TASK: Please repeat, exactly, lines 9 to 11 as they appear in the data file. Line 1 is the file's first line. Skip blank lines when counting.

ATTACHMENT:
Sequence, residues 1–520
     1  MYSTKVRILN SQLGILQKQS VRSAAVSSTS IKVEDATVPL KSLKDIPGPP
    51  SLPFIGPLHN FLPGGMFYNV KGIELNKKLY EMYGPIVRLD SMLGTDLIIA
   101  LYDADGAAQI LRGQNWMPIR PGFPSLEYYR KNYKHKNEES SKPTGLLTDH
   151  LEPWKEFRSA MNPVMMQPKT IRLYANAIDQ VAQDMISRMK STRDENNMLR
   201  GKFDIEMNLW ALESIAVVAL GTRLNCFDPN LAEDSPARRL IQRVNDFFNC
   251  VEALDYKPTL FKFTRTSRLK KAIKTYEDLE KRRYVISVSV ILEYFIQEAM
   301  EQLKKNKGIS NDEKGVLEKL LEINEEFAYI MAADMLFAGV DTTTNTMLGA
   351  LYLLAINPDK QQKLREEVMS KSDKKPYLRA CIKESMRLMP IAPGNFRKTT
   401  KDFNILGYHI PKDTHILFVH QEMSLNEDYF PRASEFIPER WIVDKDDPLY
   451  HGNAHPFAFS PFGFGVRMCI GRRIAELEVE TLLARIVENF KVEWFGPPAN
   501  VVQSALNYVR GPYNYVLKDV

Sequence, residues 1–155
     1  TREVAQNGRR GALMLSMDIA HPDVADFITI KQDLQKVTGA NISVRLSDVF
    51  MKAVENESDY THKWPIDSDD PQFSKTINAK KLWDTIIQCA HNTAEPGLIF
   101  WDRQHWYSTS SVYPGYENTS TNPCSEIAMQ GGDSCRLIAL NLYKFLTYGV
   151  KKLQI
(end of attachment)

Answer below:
   351  LYLLAINPDK QQKLREEVMS KSDKKPYLRA CIKESMRLMP IAPGNFRKTT
   401  KDFNILGYHI PKDTHILFVH QEMSLNEDYF PRASEFIPER WIVDKDDPLY
   451  HGNAHPFAFS PFGFGVRMCI GRRIAELEVE TLLARIVENF KVEWFGPPAN